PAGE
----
Last week, one of the copy editors for our sister publication, the Memphis Flyer, nudged me from my slumbers and asked if the proper name was the Chisca Hotel or the Hotel Chisca. After pondering this important question for about 15 seconds — long enough for me to take another swig from my bottle of Jim Beam — I replied, "What difference does it make to me?" and went back to sleep.
Whatever you call it, this old downtown hotel has been in the news lately because just when it seemed it was heading for the wrecking ball — or the wrecking ball was heading for it — a group of investors has stepped in, and they are pondering ways to restore the place.
So I dug through my archives to see if I had any photos showing the Chisca in its heyday, and I came up empty-handed. But I did find this colorful old postcard, which — if you can overlook some obvious artistic license by the postcard company — shows it's really a fairly handsome building. Its critics will say that the Chisca was a "businessman's" hotel — it lacked the upscale restaurants and the nice ballrooms of, say, The Peabody or the Gayoso or even the King Cotton. But it was still an impressive landmark on South Main, and as everyone knows by now, home to Dewey Phillips' Red, Hot, and Blue radio show that introduced the world to Elvis Presley.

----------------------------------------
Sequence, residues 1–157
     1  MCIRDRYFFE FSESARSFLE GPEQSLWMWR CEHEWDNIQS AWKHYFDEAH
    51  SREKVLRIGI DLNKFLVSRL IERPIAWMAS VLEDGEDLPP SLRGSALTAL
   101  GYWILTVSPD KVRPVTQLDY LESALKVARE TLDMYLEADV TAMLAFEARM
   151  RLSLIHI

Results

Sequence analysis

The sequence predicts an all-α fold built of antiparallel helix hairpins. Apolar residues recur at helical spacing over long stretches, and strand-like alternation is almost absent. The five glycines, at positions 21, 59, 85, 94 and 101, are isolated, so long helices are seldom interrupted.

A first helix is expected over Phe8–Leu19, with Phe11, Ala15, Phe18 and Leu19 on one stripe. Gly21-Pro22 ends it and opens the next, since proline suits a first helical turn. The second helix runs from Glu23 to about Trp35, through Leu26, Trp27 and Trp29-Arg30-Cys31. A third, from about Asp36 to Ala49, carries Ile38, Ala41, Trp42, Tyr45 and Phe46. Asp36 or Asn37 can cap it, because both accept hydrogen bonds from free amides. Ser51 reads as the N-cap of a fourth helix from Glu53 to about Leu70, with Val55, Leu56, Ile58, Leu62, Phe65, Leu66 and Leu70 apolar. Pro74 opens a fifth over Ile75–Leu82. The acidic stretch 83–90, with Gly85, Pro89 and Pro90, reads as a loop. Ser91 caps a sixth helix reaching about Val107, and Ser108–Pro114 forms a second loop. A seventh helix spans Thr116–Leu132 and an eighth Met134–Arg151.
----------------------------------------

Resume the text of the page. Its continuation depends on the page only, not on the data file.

You always have to be careful studying old postcards, because as I said about a half-hour ago (it certainly seems that way) the card manufacturers often added or subtracted details to embellish the main image. Among other things, Main and Linden were never this wide, and the Chisca itself never had huge American flags mounted on the roof. It did have a big sign up there, but whether or not that sign advertised PARK FREE, well, I can't say.
The card does say — twice — that the actual name of the place was Hotel Chisca.
I'm glad they're saving the building. South Main would look awfully empty without it.